Once re­viled, the Korn­gold has a new sheen

The Hamilton Spectator - - A & E - LEONARD TURNEVICIUS

One per­son’s corn is an­other per­son’s gold.

Take, for ex­am­ple, Erich Korn­gold’s “Vi­o­lin Con­certo” op. 35. Com­pleted in 1945 with themes bor­rowed from such late-1930s Korn­gold sound­tracks as “An­other Dawn,” “Juarez,” “An­thony Ad­verse” and “The Prince and the Pauper,” Korn­gold’s lone fid­dle con­certo was sav­aged by the mu­sic crit­ics of the day.

On hear­ing it in Carnegie Hall on March 27, 1947, The New York Times’ Olin Downes wrote, “This is a Hol­ly­wood con­certo, with vi­bra­phone ef­fects and liked de­vices; fully or­ches­trated in the (Richard) Straus­sian man­ner; com­mon­place in its thoughts; liveli­est in the fi­nal move­ment, which Mr. (Jascha) Heifetz played in top vir­tu­oso style. Other pages … are in more lyri­cal vein, but the melodies are or­di­nary and sen­ti­men­tal in char­ac­ter; the fa­cil­ity of the writ­ing is matched by the medi­ocrity of ideas.”

And then there was The New York Sun’s Irv­ing Kolodin, who dipped his pen in acid and surly opined that the Korn­gold was “more corn than gold.”

Ouch. So much for those late-1940s make-believe gate­keep­ers to the mytho­log­i­cal Tem­ple of the Muses on Mt. Par­nas­sus.

“Yeah,” chuck­led Lara St. John over the phone from her New York City digs last week. “Well, it’s come a long way.”

In­deed, Korn­gold’s “Vi­o­lin Con­certo” has come a long way. But just like The Fabs’ fa­bled al­ter egos, Sgt. Pep­per’s Lonely Hearts Club Band, the Korn­gold, too, has been go­ing in and out of style, but it’s guar­an­teed to raise a smile.

“When I was a kid it was to­tally not in vogue. No­body was do­ing it,” said the Lon­don (On­tario)-born St. John, 46, about the Korn­gold. “I knew the (1953) Heifetz record­ing when I was a kid. Ba­si­cally, the first time I heard it was up at (vi­o­lin­ist-con­duc­tor) Jaime Laredo’s house in Burling­ton, Ver­mont. He put it on and said, ‘You have to lis­ten to this. Man, this is the most ex­cit­ing vi­o­lin play­ing there ever was.’”

Over the past decade or so, St. John has been in the thick of the Korn­gold re­nais­sance, reck­on­ing that she’s per­formed the con­certo around a dozen times. This Satur­day, May 6, she’ll make it a baker’s dozen when she per­forms the Korn­gold at her Hamil­ton Phil­har­monic Or­ches­tra de­but with Gemma New con­duct­ing.

“It seems to be hav­ing quite a resur­gence,” said St. John. “It’s like some­times con­cer­tos just sort of fall out of favour for 20 years and then they come roar­ing back. And that seems to be what’s hap­pen­ing a lit­tle bit with the Korn­gold.

“It’s so much fun. It’s a very highly kind of ro­man­tic and shmaltzy piece. The last move­ment is so joy­ful. It’s like laugh­ter all the way through.”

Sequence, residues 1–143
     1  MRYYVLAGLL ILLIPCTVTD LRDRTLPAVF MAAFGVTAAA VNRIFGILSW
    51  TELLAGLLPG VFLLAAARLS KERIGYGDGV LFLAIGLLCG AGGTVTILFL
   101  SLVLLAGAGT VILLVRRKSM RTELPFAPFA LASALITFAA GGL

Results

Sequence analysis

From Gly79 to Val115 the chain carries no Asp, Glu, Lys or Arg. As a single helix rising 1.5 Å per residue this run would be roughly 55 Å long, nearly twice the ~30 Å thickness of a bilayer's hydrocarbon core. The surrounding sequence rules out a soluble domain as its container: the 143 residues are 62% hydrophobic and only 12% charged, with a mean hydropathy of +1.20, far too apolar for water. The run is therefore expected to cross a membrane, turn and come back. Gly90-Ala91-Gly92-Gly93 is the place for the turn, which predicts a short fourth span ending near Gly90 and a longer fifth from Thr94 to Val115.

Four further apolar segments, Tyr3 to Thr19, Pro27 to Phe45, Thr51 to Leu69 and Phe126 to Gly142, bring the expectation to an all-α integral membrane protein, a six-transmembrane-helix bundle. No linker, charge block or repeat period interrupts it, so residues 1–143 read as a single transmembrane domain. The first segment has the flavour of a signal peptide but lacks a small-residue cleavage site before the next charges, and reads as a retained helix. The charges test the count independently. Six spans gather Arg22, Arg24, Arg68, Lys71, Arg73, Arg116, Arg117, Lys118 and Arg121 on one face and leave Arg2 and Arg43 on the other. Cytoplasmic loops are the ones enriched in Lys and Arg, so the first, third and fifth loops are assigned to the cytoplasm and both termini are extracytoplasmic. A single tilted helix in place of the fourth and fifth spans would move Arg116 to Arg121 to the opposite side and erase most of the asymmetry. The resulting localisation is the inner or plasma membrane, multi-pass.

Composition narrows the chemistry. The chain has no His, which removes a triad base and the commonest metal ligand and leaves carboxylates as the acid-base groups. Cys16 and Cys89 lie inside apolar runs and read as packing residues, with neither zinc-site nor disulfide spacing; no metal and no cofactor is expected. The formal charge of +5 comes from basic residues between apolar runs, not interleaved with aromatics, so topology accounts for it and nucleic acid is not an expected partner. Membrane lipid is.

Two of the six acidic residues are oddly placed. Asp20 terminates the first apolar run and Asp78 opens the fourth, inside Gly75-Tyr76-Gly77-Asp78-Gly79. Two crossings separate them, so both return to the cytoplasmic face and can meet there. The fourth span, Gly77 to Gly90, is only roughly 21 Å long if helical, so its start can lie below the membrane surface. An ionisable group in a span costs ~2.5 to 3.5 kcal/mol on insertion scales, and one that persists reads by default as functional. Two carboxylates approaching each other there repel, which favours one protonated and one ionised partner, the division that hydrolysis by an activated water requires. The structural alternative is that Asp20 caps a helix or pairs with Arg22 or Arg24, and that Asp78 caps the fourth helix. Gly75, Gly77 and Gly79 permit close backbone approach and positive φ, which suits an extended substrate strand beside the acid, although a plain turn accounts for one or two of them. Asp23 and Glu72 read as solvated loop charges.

Shmaltzy, lus­cious and pic­turesque, equally en­joy­able for soloist, or­ches­tra, and lis­tener? Yep, but that doesn’t mean every­thing is hunky-dory un­der the hood.

“It’s quite heav­ily com­posed,” said St. John. “There are a lot of polyrhythms. It re­ally de­pends on the fid­dle player know­ing ex­actly what’s hap­pen­ing in the or­ches­tra. You should al­ways know what’s hap­pen­ing in the or­ches­tra, but this more so than the oth­ers. It has its awk­ward mo­ments. I don’t believe Korn­gold was much of a vi­o­lin­ist, but every­thing (writ­ten in the con­certo) is pos­si­ble. There’s, like, per­mu­ta­tions of fin­gers that you don’t do in any other con­certo, but they all work, and I find it ac­tu­ally an ef­fec­tive piece. It goes so nicely with other 20th cen­tury mu­sic.”

Like Igor Stravin­sky’s 1947 re­vised ver­sion of “Petrushka” and Cana­dian com­poser Glenn Buhr’s 1989 “Akasha” (Sky), which also ap­pear on Satur­day’s Main­stage sea­son fi­nale in FirstOn­tario Con­cert Hall along with Richard Strauss’s 1888 or­ches­tral tone poem “Don Juan.”

Fri­day, May 5, at 7 p.m. in St. John’s Lutheran, 104 Hugh­son St. N., Wil­liam Ren­wick’s 14-voice Hamil­ton Schola Can­to­rum presents “A Lutheran Mass.” This is not Martin Luther’s Ger­man Mass, or one of the other two mass va­ri­eties Luther ad­vo­cated, but a con­cert li­turgy (no ser­mon or com­mu­nion) com­prised of chant, chorale set­tings, con­gre­ga­tional chorales, and post-Luther era or­gan mu­sic with or­gan­ists Still­man Mathe­son and Vicky Chen. Free ad­mis­sion.

Fri­day, May 5, at 7:30 p.m. in Grace Lutheran, 1107 Main St. W., Stéphane Potvin’s a cap­pella Vil­lanella presents “Mozart and Robin Hood,” songs of love and long­ing. Tick­ets: $25, un­der 30 $15, fam­ily $50. Call 905-522-6841.

Leonard Turnevicius writes about clas­si­cal mu­sic for The Hamil­ton Spec­ta­tor. leonard­turnevi­cius@gmail.com

TWAIN NE­WHART

Lara St. John says some con­cer­tos seem to fall out of favour then come roar­ing back. “And that seems to be what’s hap­pen­ing a lit­tle bit with the Korn­gold.”

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